Osteoporosis, Ostriches and Cheetahs: A Public Service Announcement

So it’s been a couple of weeks since my trip to the Osteoporosis clinic. And to say the entire experience was an education is quite an understatement…

Before my visit to the clinic I tried to google a bit about what to expect from the bone density x-ray procedure – I’m still having very vivid, nightmarish recall of the Radiation-Ray-Gun-Machine, MRI’s and CAT scans so I thought I should be prepared with mantras and the like should I need them!

But despite scrolling through various online articles on bone scans and osteoporosis in general, I was still pretty clueless when I got there… Perhaps that had more to do with the speed at which I was doing the scrolling rather than lack of relevant information.

I have recently discovered the more useful first cousin of the “Ostrich syndrome” … “Cheetah syndrome”! And this is how it works: when you have no choice but do the research and to face scary, toe curling, grown up things head on – do so at incredible, gravity and ocular defying speed! How could that possibly help your situation you may ask? Well, OK, technically it doesn’t. BUT it saves you a heap of guilt from just sticking your head in the sand, AND if someone asks you the inevitable question: “have you looked into it” you can look them in the eye and say with an extra dollop of indignation: “of course I have”. Try it, it works 😉 and it makes perfect sense to me!

So there I was sitting in another waiting room filling out another medical aid form and listing my medical history, which these days takes a heck of a lot longer than it did 2 years ago! And from the peals of laughter resonating from the treatment room next door, I came to the conclusion that at least the procedure clearly wasn’t going to be too stressful or torturous in any way!

The therapist was amazing and dynamic and extremely passionate about all thing osteoporosis!

She asked me what I understood about osteoporosis – and to be quite frank despite, or rather due to my previously mentioned research, I knew very little other than it was a disease that “old” people got. I told her rather nervously that I understood why I was at risk – due to chemo and the resulting lack of estrogen in my body right now.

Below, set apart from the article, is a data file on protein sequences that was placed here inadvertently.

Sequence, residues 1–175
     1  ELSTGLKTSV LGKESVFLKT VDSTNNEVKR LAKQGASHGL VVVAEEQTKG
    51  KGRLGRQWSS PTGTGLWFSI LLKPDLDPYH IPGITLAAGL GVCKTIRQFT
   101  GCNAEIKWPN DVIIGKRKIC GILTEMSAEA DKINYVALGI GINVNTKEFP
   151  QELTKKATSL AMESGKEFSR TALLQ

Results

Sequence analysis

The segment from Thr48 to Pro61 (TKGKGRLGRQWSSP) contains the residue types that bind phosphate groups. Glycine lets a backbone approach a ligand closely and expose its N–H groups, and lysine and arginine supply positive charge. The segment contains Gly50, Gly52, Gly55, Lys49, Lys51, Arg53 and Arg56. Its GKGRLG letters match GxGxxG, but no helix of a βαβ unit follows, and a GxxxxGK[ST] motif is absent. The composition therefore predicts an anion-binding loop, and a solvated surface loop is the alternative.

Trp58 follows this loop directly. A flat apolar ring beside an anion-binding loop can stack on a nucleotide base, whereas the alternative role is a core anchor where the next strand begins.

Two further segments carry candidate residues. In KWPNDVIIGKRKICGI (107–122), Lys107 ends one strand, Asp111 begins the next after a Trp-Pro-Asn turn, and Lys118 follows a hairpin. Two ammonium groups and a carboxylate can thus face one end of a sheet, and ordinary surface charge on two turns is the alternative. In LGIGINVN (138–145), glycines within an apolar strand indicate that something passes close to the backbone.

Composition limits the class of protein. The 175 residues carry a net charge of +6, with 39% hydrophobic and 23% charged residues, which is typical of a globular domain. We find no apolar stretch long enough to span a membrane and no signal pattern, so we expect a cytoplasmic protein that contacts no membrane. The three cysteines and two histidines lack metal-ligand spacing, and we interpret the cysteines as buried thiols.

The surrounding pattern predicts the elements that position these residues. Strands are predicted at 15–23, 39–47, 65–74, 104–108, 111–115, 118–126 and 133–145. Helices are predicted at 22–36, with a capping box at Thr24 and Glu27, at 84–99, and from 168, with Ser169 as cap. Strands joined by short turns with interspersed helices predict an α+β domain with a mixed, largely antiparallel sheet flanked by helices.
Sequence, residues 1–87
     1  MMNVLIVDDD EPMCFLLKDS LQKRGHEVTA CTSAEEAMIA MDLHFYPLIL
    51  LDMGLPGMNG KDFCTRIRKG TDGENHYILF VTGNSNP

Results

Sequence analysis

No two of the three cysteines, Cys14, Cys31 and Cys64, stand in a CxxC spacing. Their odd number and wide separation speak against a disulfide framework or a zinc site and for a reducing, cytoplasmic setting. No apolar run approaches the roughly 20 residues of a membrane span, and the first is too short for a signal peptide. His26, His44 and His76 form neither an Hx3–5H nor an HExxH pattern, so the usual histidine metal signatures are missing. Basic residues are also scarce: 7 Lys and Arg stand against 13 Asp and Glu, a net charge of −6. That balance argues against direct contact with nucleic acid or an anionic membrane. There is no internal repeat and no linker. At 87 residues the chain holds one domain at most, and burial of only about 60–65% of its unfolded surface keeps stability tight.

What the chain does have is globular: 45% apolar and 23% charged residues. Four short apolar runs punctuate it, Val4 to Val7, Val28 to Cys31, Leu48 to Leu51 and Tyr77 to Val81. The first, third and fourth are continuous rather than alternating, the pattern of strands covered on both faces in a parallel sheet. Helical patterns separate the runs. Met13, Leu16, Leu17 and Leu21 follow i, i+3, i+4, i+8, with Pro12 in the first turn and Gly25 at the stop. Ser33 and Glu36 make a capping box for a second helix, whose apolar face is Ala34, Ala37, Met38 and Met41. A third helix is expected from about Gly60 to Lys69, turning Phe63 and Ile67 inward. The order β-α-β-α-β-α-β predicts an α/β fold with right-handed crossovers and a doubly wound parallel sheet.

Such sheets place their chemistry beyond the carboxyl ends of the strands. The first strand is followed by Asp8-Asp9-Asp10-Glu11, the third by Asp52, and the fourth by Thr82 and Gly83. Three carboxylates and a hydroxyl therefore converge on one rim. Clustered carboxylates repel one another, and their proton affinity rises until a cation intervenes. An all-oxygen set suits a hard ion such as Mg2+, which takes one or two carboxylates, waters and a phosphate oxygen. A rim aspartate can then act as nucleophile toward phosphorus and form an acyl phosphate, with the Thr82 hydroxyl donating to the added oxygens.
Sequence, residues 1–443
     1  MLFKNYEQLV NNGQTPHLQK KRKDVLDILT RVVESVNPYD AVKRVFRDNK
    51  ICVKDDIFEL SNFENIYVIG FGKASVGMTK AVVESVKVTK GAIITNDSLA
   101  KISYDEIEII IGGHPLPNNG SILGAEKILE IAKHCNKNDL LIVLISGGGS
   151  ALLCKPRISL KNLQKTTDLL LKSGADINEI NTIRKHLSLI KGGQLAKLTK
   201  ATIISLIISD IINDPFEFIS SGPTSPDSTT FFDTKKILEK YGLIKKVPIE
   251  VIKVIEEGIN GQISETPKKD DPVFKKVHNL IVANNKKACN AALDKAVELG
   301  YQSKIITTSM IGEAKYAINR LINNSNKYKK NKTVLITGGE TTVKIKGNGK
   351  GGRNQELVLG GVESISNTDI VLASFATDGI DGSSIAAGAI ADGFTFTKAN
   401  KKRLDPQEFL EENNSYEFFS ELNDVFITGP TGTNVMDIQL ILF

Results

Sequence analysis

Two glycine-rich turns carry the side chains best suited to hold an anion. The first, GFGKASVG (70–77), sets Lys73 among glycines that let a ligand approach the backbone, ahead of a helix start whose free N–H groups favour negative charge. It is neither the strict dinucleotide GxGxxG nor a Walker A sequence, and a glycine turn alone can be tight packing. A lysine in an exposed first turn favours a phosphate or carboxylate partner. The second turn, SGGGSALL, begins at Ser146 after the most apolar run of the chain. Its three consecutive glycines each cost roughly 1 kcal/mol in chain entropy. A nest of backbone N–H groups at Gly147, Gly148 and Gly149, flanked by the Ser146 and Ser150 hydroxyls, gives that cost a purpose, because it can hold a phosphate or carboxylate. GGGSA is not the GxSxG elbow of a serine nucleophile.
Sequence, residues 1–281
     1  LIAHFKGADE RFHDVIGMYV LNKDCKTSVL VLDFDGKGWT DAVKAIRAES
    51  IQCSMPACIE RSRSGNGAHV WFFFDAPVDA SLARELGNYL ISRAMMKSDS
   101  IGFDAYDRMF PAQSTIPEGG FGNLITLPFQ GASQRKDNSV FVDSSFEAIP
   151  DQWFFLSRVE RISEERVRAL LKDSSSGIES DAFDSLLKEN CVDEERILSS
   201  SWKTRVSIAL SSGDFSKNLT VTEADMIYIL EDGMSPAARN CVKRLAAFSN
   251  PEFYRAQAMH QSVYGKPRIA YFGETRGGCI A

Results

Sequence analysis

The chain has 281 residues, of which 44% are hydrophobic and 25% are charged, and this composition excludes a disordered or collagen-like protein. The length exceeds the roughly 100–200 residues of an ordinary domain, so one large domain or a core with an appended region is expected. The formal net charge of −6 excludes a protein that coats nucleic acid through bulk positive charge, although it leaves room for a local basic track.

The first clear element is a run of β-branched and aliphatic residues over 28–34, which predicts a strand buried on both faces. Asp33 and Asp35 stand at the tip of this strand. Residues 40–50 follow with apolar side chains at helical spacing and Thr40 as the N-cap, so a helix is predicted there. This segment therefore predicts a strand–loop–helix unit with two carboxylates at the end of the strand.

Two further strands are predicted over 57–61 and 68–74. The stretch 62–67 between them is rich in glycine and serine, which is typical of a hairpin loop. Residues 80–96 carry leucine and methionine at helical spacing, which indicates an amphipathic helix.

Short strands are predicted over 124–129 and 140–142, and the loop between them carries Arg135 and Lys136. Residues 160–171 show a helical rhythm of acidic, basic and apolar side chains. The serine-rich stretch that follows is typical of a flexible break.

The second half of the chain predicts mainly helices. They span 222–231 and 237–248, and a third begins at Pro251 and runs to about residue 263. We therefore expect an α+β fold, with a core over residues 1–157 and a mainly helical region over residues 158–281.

She immediately reassured me by saying that she considered osteoporosis to be a condition and not a disease, which meant like most conditions they were manageable and even preventable as long as you had the correct information at hand. And that even if the bone density scan indicated that I indeed had osteoporosis, it wasn’t something that could not be treated. I hadn’t realised exactly how much fear I had been hanging on to until I heard those words!

She then asked me a whole host of other questions including if I had any history of osteoporosis in my family and immediately countered with that this was less to do with genetics but more about “familial lifestyle bad habits” possibly passed down from a previous generation. She also asked about diet and exercise and seemed pleased when I mentioned that I enjoyed walking and went to regular Pilate’s classes (thanks Allison!). She questioned me about my alcohol intake adding that this concern was aimed at the risk factors associated with breaking bones when imbibed frequently and a little too much and not only how alcohol affected calcium absorption! I do admit – I had visions of grannies dancing on tables, so I clearly could understand her point of view! I could also understand the origin of the laughter I had heard from her previous patient (a rather elderly lady had emerged from the room!)!